The most common residential downspout is 2”x 3” and will handle 600 sq. ft. of roof. That is not to say that all 600 sq.ft. roof sections are the same. A roof with a 20’ eave and 30’ to the ridge and a 6:12 pitch will drain water faster than a roof with a 40’ eave, 15’ to the ridge and a 3:12 pitch. So, an extra downspout may be a good idea. Also, does that mean that at 601 sq.ft. you need another downspout? No, it doesn’t.
Here are some factors that I consider when deciding on how many downspouts:
- Square footage of the roof
- Roof pitch
- How many corners (how many times is the water going around a corner?)
- Potential debris-are there a lot of trees or is the surrounding area without foliage?
- Length of the gutter run? Is it one long run?
- Where is the water draining to?
While I tend to suggest as few downspouts as possible, I will occasionally make a hard case for additional downspouts. As I have mentioned before, gutters-and downspouts- are the cheapest insurance you can have to safeguard your landscaping, your foundation and your siding.
If you desire one long run of gutter, then it will most likely be mounted close to level. This is going to slow down the flow of water in the gutter. As water slows, debris and sediment will build up in the bottom of the gutter. Faster water flow will help to keep the gutter bottom clean. So, if slow water flow is anticipated, then additional downspouts should be considered.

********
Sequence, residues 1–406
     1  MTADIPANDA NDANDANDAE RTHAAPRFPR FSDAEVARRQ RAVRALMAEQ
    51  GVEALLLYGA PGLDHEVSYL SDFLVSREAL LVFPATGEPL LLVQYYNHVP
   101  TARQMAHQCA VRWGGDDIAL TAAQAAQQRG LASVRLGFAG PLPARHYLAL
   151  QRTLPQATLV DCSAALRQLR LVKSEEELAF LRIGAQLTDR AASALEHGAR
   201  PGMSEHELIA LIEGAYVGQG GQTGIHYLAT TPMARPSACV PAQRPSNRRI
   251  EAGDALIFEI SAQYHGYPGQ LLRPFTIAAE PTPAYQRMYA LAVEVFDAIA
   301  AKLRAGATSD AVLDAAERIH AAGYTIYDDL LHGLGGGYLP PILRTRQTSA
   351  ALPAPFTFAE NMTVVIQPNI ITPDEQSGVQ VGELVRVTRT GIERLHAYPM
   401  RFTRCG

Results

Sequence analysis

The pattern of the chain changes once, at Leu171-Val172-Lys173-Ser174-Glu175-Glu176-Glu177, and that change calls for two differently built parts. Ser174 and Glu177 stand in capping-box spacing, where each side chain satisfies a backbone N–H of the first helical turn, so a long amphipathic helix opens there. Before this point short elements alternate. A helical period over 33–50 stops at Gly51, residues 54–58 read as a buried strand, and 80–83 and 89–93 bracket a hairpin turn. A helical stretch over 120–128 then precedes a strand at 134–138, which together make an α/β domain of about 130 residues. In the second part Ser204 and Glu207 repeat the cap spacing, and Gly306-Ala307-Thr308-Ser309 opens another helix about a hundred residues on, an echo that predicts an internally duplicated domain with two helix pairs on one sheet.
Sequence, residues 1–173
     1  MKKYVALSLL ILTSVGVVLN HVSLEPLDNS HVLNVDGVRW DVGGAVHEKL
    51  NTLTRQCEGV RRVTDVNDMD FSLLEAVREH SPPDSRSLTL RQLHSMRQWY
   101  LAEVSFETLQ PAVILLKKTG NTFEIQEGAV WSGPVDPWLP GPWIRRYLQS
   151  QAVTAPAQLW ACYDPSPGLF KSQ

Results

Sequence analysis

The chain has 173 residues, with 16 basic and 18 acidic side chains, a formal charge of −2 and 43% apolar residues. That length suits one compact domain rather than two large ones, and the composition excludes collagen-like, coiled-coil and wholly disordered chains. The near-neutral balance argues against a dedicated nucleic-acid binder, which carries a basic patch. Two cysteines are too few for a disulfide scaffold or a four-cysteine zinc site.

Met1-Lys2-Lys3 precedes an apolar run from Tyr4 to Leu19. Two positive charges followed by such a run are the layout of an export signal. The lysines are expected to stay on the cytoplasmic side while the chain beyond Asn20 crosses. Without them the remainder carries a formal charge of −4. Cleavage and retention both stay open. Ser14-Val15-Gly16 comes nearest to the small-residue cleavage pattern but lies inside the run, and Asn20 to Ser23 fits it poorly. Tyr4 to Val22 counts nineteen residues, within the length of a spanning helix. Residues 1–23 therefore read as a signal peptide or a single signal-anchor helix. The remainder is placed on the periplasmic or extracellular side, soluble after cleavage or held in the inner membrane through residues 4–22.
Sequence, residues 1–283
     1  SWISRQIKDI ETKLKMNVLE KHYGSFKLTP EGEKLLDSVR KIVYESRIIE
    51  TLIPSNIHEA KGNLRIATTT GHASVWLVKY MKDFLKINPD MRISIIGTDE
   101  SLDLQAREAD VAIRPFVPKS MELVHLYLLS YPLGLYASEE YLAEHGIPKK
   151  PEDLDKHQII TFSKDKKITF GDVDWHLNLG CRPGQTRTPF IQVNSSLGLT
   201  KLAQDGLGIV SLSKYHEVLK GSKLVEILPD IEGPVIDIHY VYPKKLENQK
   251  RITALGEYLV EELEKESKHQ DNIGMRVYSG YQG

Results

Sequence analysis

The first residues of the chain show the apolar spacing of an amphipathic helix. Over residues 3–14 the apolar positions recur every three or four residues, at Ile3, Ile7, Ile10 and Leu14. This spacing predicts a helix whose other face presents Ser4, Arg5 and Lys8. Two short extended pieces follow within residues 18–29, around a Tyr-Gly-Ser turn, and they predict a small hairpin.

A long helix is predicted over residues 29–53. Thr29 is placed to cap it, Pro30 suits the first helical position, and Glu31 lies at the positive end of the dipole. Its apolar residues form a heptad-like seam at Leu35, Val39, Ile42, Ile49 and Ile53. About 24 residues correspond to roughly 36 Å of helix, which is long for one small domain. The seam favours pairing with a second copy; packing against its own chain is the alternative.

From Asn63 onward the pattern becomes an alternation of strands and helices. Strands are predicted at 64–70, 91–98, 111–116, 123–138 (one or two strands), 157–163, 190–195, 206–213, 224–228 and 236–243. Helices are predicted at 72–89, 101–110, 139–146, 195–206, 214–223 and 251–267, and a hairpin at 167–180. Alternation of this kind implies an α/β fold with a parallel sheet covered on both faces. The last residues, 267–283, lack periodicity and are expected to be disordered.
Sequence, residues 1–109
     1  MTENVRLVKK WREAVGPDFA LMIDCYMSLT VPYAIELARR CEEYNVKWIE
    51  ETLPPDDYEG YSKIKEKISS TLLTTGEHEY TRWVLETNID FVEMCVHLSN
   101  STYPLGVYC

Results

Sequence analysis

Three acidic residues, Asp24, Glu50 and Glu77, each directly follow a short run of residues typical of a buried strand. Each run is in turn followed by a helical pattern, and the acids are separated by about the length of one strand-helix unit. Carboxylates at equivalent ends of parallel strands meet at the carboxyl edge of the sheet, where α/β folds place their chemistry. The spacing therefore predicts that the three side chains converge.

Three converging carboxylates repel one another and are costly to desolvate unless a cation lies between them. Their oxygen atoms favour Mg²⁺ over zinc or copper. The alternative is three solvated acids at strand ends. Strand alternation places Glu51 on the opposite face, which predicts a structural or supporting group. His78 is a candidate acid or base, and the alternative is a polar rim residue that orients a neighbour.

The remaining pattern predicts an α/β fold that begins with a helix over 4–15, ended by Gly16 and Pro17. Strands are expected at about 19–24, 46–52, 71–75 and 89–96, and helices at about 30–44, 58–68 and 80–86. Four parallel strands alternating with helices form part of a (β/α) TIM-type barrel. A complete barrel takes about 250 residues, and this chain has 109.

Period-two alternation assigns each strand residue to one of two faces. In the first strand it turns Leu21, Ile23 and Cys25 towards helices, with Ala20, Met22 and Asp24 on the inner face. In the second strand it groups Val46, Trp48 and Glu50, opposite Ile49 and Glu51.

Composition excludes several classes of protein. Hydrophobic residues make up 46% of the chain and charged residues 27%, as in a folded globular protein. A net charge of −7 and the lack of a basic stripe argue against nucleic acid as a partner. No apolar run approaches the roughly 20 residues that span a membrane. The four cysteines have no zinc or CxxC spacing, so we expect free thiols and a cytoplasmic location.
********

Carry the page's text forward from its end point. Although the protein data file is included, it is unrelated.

With hip roofs you can have a gutter system with quite a few corners. Every time water turns a corner it slows down. So, the number of corners can also impact the number of downspouts.
Likewise, if there are a lot of trees and foliage that get deposited onto your roof and end up in the gutter, then you will likely not want to limit your downspouts unless cleaning your gutters often is something you look forward to.
You should also consider the area where your water is going to drain. If your desire one downspout and you want it to drain into a “contained” flowerbed, then you should probably rethink the idea. I never like to drain water into a captive area. Either relocate the downspout or add another. Adding another will lessen the amount of water draining into the captive area.
Alaska Premier Gutters will be happy to come out and assess your needs-just give us a call.
“When It Rains-We Shine”